It could have gone better.
The day was bad enough. A two-hour corporate Nuremburg Rally with pre-positioned questions and carefully worded answers. Clap clap clap. I have a bunch of things I need to do yet I’m sliding backwards as interruptions hit me like bugs across a windshield. At 2pm, I decided I couldn’t attend the train club – I’d have to work. Then, at 4:30 all hell broke loose.
First it was the gust off a squall line that actually shook the building – not something good to experience on the 14th floor. Looked out the window to see leaves and litter flying skyward, yeah, way up here. And over towards downtown, a huge back downpour. Already you could see sections of lights going out. Reminded me of the final sky-battle scene in Indigo.
Then, an intercom call that the 10th floor should evacuate. Everyone exchanges slow glances.
Then another call. The 11th floor should evacuate. This is how they do it for drills, evacuate one floor at a time.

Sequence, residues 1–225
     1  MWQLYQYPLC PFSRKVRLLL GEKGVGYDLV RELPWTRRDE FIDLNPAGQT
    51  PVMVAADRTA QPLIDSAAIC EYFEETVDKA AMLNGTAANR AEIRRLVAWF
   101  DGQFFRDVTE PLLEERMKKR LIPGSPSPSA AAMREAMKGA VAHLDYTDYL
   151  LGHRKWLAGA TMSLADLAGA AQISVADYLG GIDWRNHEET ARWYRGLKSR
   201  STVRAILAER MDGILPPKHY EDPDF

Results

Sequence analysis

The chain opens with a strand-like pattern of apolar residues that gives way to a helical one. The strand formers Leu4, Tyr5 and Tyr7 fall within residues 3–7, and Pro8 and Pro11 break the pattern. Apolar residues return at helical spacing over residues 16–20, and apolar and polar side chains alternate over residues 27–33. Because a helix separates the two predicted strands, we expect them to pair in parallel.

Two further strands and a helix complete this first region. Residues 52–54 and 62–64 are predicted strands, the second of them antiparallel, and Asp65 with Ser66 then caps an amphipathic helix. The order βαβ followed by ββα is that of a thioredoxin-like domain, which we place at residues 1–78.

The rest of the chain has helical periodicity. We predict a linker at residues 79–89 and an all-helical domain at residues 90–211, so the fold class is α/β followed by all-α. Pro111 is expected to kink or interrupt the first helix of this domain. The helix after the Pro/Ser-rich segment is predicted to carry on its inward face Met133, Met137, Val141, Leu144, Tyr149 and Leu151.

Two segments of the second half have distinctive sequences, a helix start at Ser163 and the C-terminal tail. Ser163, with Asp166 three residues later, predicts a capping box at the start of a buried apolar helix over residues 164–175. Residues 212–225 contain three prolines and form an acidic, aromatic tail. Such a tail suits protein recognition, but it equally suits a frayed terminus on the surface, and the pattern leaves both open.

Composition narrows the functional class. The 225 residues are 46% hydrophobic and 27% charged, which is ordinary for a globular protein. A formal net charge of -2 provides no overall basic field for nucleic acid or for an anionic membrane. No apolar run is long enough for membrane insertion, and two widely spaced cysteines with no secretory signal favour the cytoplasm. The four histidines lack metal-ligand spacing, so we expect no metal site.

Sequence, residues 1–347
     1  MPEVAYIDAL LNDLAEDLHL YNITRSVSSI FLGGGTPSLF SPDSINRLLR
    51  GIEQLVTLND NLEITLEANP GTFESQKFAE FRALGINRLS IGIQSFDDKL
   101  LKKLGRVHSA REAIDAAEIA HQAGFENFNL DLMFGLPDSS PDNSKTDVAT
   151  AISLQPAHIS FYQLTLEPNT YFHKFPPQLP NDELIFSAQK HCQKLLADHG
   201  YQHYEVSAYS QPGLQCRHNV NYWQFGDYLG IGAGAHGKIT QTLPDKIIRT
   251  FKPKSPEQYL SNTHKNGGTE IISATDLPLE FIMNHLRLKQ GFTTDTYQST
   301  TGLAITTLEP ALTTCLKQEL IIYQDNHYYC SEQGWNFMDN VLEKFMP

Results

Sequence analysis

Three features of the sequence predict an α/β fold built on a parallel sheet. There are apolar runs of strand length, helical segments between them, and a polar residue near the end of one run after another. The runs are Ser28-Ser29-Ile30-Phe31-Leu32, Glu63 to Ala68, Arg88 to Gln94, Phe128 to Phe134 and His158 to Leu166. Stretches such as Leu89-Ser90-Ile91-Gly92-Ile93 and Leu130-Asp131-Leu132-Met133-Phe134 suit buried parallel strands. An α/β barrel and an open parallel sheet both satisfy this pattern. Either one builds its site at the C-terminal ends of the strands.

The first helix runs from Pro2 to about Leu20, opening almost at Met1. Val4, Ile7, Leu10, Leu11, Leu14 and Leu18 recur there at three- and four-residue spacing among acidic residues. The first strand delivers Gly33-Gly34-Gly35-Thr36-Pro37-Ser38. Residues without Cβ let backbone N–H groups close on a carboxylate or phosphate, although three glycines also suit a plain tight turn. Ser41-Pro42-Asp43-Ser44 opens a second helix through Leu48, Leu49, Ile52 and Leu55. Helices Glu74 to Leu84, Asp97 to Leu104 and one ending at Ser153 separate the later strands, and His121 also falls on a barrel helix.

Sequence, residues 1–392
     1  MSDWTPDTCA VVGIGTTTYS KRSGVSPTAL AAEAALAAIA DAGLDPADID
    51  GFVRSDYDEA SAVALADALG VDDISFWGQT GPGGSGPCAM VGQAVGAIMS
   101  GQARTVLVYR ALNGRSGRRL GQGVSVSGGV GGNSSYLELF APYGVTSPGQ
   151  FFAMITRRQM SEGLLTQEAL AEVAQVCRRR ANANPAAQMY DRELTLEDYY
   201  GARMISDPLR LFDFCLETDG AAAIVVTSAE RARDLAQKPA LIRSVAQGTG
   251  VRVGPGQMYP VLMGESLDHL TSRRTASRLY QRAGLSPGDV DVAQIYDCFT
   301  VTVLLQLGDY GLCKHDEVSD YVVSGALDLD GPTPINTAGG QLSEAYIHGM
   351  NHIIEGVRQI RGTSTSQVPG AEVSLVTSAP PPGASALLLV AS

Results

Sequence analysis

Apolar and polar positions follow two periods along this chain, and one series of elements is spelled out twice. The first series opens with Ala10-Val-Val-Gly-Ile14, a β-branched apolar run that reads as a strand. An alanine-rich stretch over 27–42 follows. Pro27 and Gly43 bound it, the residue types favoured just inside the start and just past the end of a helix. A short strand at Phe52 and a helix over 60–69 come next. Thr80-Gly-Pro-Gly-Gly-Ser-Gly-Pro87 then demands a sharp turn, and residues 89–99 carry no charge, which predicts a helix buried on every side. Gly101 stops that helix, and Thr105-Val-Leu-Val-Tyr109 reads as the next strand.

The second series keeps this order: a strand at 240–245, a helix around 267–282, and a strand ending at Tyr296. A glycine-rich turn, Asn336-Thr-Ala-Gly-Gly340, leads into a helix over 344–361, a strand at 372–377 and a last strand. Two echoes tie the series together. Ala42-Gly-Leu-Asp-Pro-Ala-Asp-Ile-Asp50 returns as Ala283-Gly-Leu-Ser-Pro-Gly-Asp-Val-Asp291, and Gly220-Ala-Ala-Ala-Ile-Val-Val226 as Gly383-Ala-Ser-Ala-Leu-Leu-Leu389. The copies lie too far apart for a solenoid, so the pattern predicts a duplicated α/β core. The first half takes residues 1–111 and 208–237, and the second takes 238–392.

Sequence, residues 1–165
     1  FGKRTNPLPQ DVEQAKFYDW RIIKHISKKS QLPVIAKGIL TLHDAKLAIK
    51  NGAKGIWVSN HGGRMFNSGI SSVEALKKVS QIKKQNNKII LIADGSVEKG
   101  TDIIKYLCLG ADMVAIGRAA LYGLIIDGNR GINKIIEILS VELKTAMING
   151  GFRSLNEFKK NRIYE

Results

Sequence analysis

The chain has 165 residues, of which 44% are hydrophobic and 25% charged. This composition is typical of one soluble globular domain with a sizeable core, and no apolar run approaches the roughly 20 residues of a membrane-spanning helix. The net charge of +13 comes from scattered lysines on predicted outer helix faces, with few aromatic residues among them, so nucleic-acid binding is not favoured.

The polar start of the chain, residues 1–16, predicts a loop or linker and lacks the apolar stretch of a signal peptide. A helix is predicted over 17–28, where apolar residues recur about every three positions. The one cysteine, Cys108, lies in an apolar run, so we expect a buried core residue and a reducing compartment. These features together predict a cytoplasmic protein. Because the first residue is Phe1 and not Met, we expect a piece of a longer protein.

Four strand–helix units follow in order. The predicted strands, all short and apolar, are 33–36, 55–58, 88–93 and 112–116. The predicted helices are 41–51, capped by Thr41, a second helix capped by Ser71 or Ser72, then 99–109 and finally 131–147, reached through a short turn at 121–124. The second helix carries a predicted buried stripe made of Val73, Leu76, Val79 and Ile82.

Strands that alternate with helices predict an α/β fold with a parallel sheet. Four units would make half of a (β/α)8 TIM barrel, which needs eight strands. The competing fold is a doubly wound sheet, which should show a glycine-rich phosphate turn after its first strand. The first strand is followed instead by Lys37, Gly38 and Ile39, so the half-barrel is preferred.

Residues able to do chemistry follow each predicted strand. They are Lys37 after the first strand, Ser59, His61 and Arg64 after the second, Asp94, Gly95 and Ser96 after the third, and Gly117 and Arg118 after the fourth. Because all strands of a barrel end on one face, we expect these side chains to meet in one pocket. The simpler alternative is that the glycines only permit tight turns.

Should we go?
Nothing after that. I go over to the primary receptionist who’d made the overheads but she’s gone – its quitting time. Rrrreeee! screams the Flintstone’s bird. “Yaaaba dabba doooo!”
Except, don’t you think you might stay at your post if you were directing the evacuation of your building from calls received from Building Management?
So we’re all standing around, wondering what to do and someone comes up and says, “There is a fire truck out front and we’ve got smoke on 10 and 11.”
So that’s it for today. We’re all leaving now. My boss is a member of the response team and we make a sweep of the floor and kick everyone out. And there is a big move towards… where? Of course, the elevators!
I’m pretty much the only guy who hangs back and says, “Um, gee, shouldn’t we take the stairs? I mean, there might be two flights engulfed in flames and we’d be riding into the oven like muffins.” But everyone laughed it off and even though I knew it was wrong, stupid, dangerous, and perhaps deadly, I rode down with them. Even through the elevator smelled of smoke. Yes, right down the hellshaft.
As I am typing this, one can assume I survived.
But then again, my building has meetings and binders and contingency plans and even responder’s vests. They have even run scenarios of what to do when there is an earthquake. And what happens when we have our first bonafide dangerous situation?
We looked like the firemen in an old silent movie, falling off the speeding truck to a quick-paced piano score.